Tonight's Sky
Sun
Sun
Moon
Moon
Mercury
Mercury
Venus
Venus
Mars
Mars
Jupiter
Jupiter
Saturn
Saturn

Tonight's Sky — Change location

OR

Searching...

Tonight's Sky — Select location

Tonight's Sky — Enter coordinates

° '
° '

Pluto’s big moon Charon reveals a colorful and violent history

The New Horizons spacecraft has returned the best color and the highest resolution images yet of Pluto’s largest moon, Charon.
RELATED TOPICS: SOLAR SYSTEM | CHARON | PLUTO
Charon
NASA's New Horizons captured this high-resolution enhanced-color view of Charon just before closest approach on July 14, 2015. The image combines blue, red, and infrared images taken by the spacecraft’s Ralph/Multispectral Visual Imaging Camera (MVIC). The colors are processed to best highlight the variation of surface properties across Charon. Charon’s color palette is not as diverse as Pluto’s. Most striking is the reddish north (top) polar region, informally named Mordor Macula. Charon is 754 miles (1,214 kilometers) across; this image resolves details as small as 1.8 miles (2.9 kilometers).
NASA/JHUAPL/SwRI
At half the diameter of Pluto, Charon is the largest satellite relative to its planet in the solar system. Many New Horizons scientists expected Charon to be a monotonous, crater-battered world; instead, they’re finding a landscape covered with mountains, canyons, landslides, surface-color variations, and more.

“We thought the probability of seeing such interesting features on this satellite of a world at the far edge of our solar system was low,” said Ross Beyer, an affiliate of the New Horizons Geology, Geophysics and Imaging (GGI) team from the SETI Institute and NASA Ames Research Center in Mountain View, California, “but I couldn’t be more delighted with what we see.”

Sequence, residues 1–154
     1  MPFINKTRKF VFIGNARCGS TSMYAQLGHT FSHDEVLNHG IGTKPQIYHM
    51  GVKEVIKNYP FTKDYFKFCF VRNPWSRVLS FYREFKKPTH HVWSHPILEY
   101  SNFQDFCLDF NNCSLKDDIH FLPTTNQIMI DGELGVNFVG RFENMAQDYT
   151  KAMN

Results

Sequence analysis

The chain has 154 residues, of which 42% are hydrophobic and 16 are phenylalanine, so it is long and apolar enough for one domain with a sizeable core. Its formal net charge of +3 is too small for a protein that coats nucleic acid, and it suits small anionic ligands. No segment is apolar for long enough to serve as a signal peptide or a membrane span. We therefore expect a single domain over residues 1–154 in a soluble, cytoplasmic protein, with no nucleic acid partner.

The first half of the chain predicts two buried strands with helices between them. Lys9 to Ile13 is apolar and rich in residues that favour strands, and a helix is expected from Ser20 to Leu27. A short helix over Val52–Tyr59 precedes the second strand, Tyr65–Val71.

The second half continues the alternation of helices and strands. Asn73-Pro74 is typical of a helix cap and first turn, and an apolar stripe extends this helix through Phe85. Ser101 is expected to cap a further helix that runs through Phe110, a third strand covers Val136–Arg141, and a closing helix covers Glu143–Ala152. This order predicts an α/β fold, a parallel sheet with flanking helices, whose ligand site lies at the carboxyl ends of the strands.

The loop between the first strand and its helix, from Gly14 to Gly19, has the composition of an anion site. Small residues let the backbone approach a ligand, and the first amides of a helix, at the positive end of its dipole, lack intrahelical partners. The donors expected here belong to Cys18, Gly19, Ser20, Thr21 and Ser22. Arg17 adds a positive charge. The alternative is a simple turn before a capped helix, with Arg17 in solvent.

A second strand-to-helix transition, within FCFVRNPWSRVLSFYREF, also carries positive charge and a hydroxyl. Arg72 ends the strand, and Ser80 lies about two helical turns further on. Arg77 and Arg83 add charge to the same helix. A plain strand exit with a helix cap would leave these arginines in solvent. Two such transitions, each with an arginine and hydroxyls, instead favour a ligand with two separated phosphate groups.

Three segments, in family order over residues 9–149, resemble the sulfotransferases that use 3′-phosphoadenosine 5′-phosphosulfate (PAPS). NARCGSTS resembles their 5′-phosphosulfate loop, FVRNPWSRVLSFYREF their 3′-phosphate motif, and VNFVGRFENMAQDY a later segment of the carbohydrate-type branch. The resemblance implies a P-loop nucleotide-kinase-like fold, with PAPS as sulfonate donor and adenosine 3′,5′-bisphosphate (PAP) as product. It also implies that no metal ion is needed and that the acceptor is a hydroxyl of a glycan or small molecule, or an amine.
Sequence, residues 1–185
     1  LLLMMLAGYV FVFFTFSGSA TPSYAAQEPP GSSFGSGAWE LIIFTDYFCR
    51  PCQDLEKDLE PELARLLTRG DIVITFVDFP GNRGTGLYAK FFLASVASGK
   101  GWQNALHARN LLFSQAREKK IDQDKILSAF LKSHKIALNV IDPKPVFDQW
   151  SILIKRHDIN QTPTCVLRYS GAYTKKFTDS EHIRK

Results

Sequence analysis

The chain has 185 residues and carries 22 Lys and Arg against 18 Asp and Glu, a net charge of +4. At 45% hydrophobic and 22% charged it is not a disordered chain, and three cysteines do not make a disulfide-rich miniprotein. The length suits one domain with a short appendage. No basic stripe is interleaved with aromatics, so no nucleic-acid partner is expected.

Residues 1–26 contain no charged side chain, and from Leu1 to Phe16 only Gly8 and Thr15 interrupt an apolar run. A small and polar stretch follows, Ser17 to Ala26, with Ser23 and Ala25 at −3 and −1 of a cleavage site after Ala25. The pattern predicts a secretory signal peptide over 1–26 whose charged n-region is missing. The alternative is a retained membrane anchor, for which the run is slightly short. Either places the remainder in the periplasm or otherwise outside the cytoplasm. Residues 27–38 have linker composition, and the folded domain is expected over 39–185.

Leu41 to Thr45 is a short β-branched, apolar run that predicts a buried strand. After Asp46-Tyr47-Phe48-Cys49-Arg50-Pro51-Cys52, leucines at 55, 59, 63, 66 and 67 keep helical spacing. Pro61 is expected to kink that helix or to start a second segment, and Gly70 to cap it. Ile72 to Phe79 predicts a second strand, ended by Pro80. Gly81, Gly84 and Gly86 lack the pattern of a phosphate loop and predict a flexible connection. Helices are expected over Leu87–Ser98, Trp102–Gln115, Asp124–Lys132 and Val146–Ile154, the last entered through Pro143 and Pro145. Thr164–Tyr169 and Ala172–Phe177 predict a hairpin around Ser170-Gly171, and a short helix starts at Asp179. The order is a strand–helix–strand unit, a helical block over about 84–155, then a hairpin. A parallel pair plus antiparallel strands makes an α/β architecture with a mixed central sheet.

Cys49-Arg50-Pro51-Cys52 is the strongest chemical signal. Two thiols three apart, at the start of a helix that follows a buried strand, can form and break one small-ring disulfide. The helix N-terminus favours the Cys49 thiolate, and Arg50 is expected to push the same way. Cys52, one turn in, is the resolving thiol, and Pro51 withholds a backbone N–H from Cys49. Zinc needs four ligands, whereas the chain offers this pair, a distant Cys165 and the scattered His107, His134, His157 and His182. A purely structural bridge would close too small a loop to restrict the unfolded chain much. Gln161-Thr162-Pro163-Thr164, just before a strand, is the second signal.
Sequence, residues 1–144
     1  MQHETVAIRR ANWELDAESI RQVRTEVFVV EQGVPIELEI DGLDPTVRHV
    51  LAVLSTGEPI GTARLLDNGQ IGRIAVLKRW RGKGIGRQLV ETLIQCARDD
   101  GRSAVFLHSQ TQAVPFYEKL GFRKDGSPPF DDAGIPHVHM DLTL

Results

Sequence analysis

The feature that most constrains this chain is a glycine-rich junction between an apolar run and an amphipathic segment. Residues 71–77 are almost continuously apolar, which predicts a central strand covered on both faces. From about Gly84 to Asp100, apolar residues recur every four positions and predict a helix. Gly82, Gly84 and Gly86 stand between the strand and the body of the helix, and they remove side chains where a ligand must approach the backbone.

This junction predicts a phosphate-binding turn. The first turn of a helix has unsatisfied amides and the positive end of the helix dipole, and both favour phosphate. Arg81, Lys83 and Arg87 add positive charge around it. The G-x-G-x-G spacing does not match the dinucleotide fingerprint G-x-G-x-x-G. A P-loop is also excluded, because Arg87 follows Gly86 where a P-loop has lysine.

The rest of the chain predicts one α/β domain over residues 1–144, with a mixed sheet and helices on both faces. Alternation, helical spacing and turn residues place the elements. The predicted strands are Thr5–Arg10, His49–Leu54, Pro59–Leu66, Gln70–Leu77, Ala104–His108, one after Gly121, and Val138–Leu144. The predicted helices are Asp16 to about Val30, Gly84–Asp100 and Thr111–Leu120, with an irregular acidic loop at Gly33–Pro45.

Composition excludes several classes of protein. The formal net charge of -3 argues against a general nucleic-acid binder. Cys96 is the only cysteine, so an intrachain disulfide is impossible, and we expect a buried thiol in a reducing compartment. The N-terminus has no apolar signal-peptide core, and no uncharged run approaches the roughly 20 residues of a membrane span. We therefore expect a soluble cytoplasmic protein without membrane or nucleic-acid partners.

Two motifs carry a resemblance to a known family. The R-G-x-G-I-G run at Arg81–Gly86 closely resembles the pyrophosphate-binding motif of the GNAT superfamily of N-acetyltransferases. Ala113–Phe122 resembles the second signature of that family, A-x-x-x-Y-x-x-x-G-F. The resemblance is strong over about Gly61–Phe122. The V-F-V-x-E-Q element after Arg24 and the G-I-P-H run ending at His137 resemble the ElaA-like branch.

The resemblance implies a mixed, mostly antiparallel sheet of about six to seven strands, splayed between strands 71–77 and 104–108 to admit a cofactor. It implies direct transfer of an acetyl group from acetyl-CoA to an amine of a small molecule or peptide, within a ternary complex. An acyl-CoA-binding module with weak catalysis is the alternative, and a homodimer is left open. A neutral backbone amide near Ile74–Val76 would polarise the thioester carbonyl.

Charon
High-resolution images of Charon were taken by the Long Range Reconnaissance Imager on NASA’s New Horizons spacecraft, shortly before closest approach on July 14, 2015, and overlaid with enhanced color from the Ralph/Multispectral Visual Imaging Camera (MVIC). Charon’s cratered uplands at the top are broken by series of canyons, and replaced on the bottom by the rolling plains of the informally named Vulcan Planum. The scene covers Charon’s width of 754 miles (1,214 kilometers) and resolves details as small as 0.5 miles (0.8 kilometers).
NASA/JHUAPL/SwRI
High-resolution images of the Pluto-facing hemisphere of Charon, taken by New Horizons as the spacecraft sped through the Pluto system on July 14 and transmitted to Earth on September 21, reveal details of a belt of fractures and canyons just north of the moon’s equator. This great canyon system stretches more than 1,000 miles (1,600 kilometers) across the entire face of Charon and likely around onto Charon’s far side. Four times as long as the Grand Canyon, and twice as deep in places, these faults and canyons indicate a titanic geological upheaval in Charon’s past.

“It looks like the entire crust of Charon has been split open,” said John Spencer from the Southwest Research Institute in Boulder, Colorado. “With respect to its size relative to Charon, this feature is much like the vast Valles Marineris canyon system on Mars.”
Pluto and Charon